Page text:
Recently, a thoughtful reader left a comment to my blog post, parent perspectives. It read:

These are all difficult stories. I share in them with my child. But, I was wondering do you have any story that had a turn for the better? That would be good stimulus for us all!

I mulled the words over in my mind for a long while, tried to think if I could remember any stories of triumph over epilepsy. After a while I was able to come up with a handful at best. There is the story of my friend Jim Abrahams' two year old son, Charlie, whose thousands of stubborn seizures stopped after going onto the Ketogenic Diet. He'd had to stay on the rigorous, exacting diet for about five years, if memory serves me, but he hasn't had a seizure since. Charlie is now a healthy young adult. Then there is my friend Susan Axelrod's daughter, Lauren. After eighteen years of persistent seizures, failed trials with over twenty drugs, dietary therapy and one or two brain surgeries, they finally discovered a combination of drugs that stopped her seizures. And then there is my friend Michelle's sweet boy Miles, who has Down syndrome and suffered seizures for many years. He'd tried several medications plus the Ketogenic diet and his seizures finally stopped. I am unclear if the therapies worked or if he simply outgrew the epilepsy. What is clear is that now his body and mind can be free to develop at a better pace.

In all three cases I have little doubt that the years of seizures and drugs took a major toll on the children's development. In Lauren's case she is significantly developmentally delayed and still has to take three drugs every day which, regrettably, don't come without side effects, and she may well have to take them for the rest of her life. I also have little doubt but that these children remain brilliant stars in the eyes of those who love them.

Seeing things from a different perspective, and though I would give anything—ANYTHING—for Calvin to be healthy, seizure free, drug free, able to walk and talk and run and play, I have found a rich and beautiful life nonetheless, one that my friend Elizabeth, whose daughter Sophie has acute epilepsy, reminds me is also totally strange. I have encountered feelings to a depth I had no idea was possible—joy, anger, frustration, empathy, love, grief. I have learned to honor these feelings, every one of them, as part of being human. I don't fear them, I don't try to sweep them under the rug and I definitely don't hide them. They are part of me and, to a great extent, exist in such profundity because of Calvin and who he is. And the mere fact that I can say this about myself, that I have a rich and beautiful life, is one significant triumph over epilepsy.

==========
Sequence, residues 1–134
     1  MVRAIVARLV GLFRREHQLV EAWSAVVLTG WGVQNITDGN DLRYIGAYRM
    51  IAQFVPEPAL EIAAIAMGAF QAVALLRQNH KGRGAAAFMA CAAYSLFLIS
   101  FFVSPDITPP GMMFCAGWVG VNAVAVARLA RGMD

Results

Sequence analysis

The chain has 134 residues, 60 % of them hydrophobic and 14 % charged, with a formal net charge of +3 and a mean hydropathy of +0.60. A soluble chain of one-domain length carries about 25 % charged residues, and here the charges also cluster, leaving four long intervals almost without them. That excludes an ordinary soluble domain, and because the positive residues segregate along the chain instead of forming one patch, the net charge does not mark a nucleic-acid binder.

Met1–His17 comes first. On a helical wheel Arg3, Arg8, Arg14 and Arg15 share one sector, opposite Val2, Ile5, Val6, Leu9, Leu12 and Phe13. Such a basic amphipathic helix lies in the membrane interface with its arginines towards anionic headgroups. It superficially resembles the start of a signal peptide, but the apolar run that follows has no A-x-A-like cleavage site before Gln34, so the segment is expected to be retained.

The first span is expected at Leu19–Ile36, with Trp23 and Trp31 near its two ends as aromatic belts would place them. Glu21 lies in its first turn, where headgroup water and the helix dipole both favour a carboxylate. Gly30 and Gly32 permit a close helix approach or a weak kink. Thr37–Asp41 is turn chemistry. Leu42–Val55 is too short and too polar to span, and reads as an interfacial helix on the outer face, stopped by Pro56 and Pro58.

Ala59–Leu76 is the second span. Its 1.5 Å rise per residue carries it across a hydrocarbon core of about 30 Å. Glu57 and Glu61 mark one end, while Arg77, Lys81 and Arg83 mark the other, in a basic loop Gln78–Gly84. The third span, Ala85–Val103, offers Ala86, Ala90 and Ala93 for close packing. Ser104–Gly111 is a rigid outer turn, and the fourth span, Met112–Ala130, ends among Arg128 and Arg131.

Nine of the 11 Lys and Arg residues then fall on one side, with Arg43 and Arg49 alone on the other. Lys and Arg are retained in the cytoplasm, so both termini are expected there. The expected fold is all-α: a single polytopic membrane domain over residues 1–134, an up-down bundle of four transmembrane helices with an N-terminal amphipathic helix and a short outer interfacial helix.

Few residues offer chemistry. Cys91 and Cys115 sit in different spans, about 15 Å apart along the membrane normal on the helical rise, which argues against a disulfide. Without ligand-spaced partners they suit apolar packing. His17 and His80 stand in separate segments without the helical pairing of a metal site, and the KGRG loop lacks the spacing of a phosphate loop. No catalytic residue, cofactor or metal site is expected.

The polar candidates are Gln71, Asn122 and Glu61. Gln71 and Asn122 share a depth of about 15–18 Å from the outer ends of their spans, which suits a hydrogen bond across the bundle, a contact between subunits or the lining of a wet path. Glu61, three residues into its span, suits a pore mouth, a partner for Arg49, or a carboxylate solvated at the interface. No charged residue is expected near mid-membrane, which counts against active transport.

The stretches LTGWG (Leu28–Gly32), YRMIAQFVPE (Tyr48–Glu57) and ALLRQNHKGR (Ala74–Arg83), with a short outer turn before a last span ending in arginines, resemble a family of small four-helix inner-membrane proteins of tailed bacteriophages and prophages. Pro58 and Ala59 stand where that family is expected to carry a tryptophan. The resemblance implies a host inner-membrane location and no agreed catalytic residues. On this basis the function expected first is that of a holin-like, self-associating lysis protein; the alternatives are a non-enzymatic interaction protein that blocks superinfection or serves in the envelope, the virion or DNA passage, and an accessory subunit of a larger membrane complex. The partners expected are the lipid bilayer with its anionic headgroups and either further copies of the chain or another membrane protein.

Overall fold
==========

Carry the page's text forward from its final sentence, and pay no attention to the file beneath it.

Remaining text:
1. Yes, I believe that saying you have a rich and beautiful life is a triumph. And it may even be enough. I heard Joseph Campbell (when asked what we can do to help the world) say, "become more alive...the world is a wasteland and when we become more alive we inspire others to do the same." Having lived a life of uncommon hardship myself, I believe that my choice to live and strive for depth and beauty is indeed exactly what is needed.

  2. I can tell you my story of a million and four un-triumphs (yes I realize that would be failures, but it's kind of hard to say) but triumph in the end. I was un-triumphant with Phenobarbitol, tegretol, keppra, topomax, lamictal, neurontin, vimpat and one other drug whose name I can't remember. I was also un-triumphant with the low glycemic index treatment, alternative medicine and acupuncture. I had highly-refractory epilepsy; that is to say that nothing worked to stop my seizures. I have had more than 1,000 complex partial seizures and almost daily simple partial seizures. I really had no hope for it ever ending for 19 years. But two years ago, I had a right anterior temporal lobe resection (I had my seizure focus--nearly 5 centimeters--cut from my temporal lobe). I am lucky enough to say that I have been seizure-free since and I am SO grateful! I never thought I would be a triumph story, and in some ways I have survivor's guilt identifying myself in that way. But I also remember when I was in the midst of it all that triumph stories did give me some hope. Good luck to everyone! You are not alone on this journey.

  3. Thank you for this beautifully written post. I love you and your family very deeply although I am only a reader of your words. You are an incredible example of a human being.

  4. Dear Christy, thank you for this entry. It really gave me new perspective to this dire life of my son, and hope that one day epilepsy would be only memory,not only for my son but also for all those who suffer from this terrible plague.